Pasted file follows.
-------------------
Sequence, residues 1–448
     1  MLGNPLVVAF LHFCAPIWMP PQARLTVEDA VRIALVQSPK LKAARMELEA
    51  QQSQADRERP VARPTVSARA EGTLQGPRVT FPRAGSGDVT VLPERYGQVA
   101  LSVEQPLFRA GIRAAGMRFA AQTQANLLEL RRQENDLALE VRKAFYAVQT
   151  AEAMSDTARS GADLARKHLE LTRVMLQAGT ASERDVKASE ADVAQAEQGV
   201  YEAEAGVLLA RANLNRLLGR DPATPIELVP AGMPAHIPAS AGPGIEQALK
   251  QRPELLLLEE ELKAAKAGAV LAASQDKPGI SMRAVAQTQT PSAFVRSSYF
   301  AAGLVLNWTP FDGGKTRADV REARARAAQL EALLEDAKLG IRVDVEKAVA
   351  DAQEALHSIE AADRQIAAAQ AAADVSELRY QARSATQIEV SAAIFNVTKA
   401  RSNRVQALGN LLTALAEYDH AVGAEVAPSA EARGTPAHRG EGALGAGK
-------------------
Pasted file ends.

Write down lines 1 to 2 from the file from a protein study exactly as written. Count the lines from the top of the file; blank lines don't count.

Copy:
Sequence, residues 1–448
     1  MLGNPLVVAF LHFCAPIWMP PQARLTVEDA VRIALVQSPK LKAARMELEA